The burden of heterosexually acquired HIV infection is borne disproportionately by women and blacks, according to an analysis of data from 29 states that conduct confidential name-based HIV and AIDS surveillance.1 Between 1999 and 2004 in these states, two-thirds of all those who acquired HIV through heterosexual contact (and nine in 10 such teenagers) were women; three-quarters were black. Furthermore, the prospects for long-term survival after an AIDS diagnosis were dimmer for blacks with heterosexually acquired HIV than for whites and Hispanics.
During the period 1999–2004, one-third of newly diagnosed HIV infections in the reporting states were attributable to heterosexual activity with a partner who was HIV-positive or had a known risk factor for infection. (The analyses included all HIV infections, whether or not the disease had progressed to AIDS.) Sixty-four percent of heterosexually acquired cases of HIV were found in women, and 60% in persons younger than 40. The vast majority of infections (73%) were among blacks; 15% were among whites, 10% among Hispanics and the remainder among members of other racial or ethnic groups. Women accounted for 55% of Hispanics, 64% of blacks and 68% of whites with HIV infection acquired through heterosexual behavior. They made up an even larger share of 13–19-year-olds with newly identified heterosexually acquired HIV infection—88%.
Overall, the annual number of heterosexually acquired HIV infections was constant throughout the period, but significant changes occurred in several subgroups. The annual number of diagnoses declined by 3–5% among men in their 20s and 30s, and by 3% among black men; however, it rose 2–5% among men in their 40s and 50s, and 5–6% among white and Hispanic men. The number dropped by 3–4% among women aged 13–39 and 1% among black women, but increased 4–7% among women older than 39 and among Hispanic women.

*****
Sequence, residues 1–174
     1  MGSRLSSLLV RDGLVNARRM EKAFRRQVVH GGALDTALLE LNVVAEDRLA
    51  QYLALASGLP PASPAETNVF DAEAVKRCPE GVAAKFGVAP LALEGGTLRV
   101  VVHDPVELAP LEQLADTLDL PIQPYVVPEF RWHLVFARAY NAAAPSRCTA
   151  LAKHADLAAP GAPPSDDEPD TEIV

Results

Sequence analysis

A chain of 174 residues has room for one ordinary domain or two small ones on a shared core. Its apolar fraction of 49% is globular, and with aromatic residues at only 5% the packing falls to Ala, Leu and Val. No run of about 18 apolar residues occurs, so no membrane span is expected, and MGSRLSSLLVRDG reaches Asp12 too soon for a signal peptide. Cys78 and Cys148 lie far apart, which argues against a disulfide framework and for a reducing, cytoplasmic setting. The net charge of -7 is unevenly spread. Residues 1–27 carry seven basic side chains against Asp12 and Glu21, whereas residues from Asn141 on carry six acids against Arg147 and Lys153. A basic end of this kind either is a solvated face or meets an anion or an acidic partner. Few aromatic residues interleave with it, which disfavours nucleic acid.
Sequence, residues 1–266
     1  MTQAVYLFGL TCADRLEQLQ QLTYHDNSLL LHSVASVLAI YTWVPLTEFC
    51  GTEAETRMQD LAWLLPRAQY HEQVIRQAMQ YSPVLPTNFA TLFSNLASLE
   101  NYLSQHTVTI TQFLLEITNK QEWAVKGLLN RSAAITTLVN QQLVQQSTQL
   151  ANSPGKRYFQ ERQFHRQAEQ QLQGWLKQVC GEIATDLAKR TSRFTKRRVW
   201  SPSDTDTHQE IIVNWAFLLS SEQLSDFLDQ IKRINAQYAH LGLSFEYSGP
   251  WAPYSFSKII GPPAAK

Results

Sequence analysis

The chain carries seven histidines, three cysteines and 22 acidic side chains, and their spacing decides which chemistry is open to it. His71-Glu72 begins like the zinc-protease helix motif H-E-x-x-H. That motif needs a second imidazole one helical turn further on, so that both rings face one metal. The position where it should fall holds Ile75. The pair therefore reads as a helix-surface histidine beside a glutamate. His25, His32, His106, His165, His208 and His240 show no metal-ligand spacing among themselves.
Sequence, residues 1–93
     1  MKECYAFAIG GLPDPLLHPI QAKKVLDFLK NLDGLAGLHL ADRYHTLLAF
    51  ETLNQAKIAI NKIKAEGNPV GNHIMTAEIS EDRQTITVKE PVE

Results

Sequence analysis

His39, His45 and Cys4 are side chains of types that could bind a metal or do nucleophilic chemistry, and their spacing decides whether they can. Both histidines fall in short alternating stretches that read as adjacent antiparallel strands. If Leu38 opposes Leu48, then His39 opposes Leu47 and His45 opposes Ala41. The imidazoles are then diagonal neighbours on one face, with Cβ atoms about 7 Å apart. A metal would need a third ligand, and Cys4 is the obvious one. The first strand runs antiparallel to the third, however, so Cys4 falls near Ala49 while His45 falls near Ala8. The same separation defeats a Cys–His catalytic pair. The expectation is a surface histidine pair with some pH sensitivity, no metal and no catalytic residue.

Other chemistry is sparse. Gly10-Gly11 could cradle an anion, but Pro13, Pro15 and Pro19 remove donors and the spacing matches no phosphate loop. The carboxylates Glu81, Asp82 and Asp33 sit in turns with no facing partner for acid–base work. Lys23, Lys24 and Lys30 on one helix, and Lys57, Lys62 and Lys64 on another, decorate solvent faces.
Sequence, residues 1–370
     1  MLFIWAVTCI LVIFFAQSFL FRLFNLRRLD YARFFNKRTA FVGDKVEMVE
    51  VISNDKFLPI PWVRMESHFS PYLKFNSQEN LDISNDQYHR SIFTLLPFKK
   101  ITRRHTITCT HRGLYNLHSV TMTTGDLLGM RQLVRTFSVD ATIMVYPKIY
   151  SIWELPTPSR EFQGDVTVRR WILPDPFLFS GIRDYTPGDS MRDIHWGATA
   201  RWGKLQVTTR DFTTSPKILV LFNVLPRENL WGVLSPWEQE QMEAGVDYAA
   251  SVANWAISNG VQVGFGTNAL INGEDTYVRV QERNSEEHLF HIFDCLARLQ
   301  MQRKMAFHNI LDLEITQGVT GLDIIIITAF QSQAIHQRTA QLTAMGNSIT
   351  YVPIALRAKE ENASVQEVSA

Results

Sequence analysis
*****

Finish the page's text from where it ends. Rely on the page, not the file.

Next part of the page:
One-fifth of individuals in whom heterosexually acquired HIV infection was identified between 1999 and 2004 received an AIDS diagnosis within the same calendar month (i.e., a concurrent diagnosis). Multivariate analyses revealed that in every racial or ethnic group, men were significantly more likely than women to receive concurrent diagnoses (odds ratios, 1.6 for whites and Hispanics, and 1.2 for blacks). Teenagers consistently had the lowest likelihood of concurrent diagnoses, and the relative odds were higher in each successive 10-year age-group. Among blacks, concurrent diagnoses were significantly less common in every year from 2001 to 2004 than they were in 1999; among whites, reduced odds of concurrent diagnoses were observed for 2000–2002. For Hispanics, the likelihood of concurrent diagnoses did not vary through the study period.
Estimated probabilities of survival after an AIDS diagnosis associated with heterosexually acquired HIV for the 29 study states in 1999–2003 were similar to those for the nation as a whole in 1996–2003; therefore, the analysts used the national data to examine survival at one-year intervals. In each racial or ethnic group, men and women with heterosexually acquired HIV had an estimated 92–94% probability of surviving for one year after an AIDS diagnosis. However, the probability of survival fell and subgroup differences emerged with each succeeding year. By three years after diagnosis, survival probabilities for black men and women were significantly lower than those for whites and Hispanics; at four years, an estimated 79% and 76%, respectively, of black men and women would be expected to have survived, compared with 82–85% of men and 81–84% of women in the other racial subgroups.
As the analysts comment, the surveillance data are limited by the exclusion of 21 states, including ones with high levels of AIDS morbidity. "To more completely describe the epidemic," they note, "a national HIV infection reporting system is needed." Nevertheless, they conclude that the available data illustrate the continued need for culturally sensitive HIV prevention messages, interventions aimed at especially vulnerable groups, and improved access to services for racial and ethnic minorities, who are "disproportionately affected by HIV" and often face barriers to obtaining adequate care. —D. Hollander
1. Espinoza L et al., Characteristics of persons with heterosexually acquired HIV infection, United States, 1999–2004, American Journal of Public Health, 2007, 97(1):144–149.